Valve Element Restoring Force
If the valve body 1000 in FIG. 10 is deformed then there is a "restoring" force FR that acts to restore the valve to the original shape. In FIG. 10, the dashed lines represent the equilibrium position of the valve, solid lines represent the compressed position.
The restoring force FR is proportional to and acts in a direction opposite that of the deflection x.
FR =K1 x
The value of the proportionality constant K1 depends on the geometric and material parameters of the valve. FR is shown above acting on a single pair of points of the valve. However, it would be distributed along the surface as shown in FIG. 11. In general, when a force is distributed over a surface it is referred to as a pressure. The restoring PR can be variable over the surface. The exact shape of the distribution depends on the geometric and material parameters of the valve 1000.
Pressure Driven Flow
A situation is now analyzed where a pressure drop is imposed across the valve. If a pressure drop is imposed across the valve P2 >P1 then a flow Q will result. This is shown in FIG. 12.
The force balance on the valve surface is shown in FIG. 13. The forces acting on the valve surface must be in equilibrium (because the valve is not in motion). Acting on the inner surface is the pressure P2. Acting on the outer surface is pressure P1. An additional pressure term is required to balance the difference between P2 and P1. This pressure term is the restoring pressure PR (noted above) that accompanies a deformation of the valve. The valve nozzle N (defined as the point of minimum cross section area) will, therefore, decrease in size if P2 <P1. There will be a slight variation in pressure along the cross section due to the Bernoulli effect (venturi effect). This variation is slight. The new force balance is shown in FIG. 13.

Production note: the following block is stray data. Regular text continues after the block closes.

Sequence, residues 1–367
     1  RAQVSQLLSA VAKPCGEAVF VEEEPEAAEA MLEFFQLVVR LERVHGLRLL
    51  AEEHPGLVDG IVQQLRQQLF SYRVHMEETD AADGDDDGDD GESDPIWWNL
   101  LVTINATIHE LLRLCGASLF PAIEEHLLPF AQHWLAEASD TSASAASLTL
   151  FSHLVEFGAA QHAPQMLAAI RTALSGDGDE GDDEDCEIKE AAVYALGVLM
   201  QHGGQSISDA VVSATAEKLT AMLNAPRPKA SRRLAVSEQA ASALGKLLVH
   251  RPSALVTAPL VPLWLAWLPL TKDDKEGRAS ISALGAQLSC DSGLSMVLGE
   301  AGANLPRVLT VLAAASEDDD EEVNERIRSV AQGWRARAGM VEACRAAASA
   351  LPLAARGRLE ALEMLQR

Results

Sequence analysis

The valve nozzle area A varies depending on pressure drop ΔP=P1 -P2. This relationship is shown in FIGS. 14, 15. The shape of the line (or curve) C will depend on the geometric and material parameters of the valve. The important thing to note is that the area A increases with decreasing values of ΔP, and vice versa. The relationship can be expressed mathematically as:
A=AO -K2 ΔP
The term AO is the area corresponding to ΔP=O. The flow rate Q through the nozzle area A of FIG. 14 will depend on the area A and the pressure drop ΔP=P1 -P2 : ##EQU1## The flow rate Q is therefore: ##EQU2## The values of the proportionality constants K2 and K3, depend on the geometric and material properties of the valve. The equation above is plotted in FIG. 16.
While the shape of the curve will depend on the geometric and material properties of the valve, there are two important things to note:
1. In the syringe applications shown in FIG. 1 the following is a description of FIG. 16:
Starting with ΔP=0 the flow rate Q initially increases with increasing values of ΔP. Increasing ΔP beyond ΔP1, is accompanied by a decrease in the flow rate Q. At a high enough value of ΔP (ΔP2) the flow rate will be zero.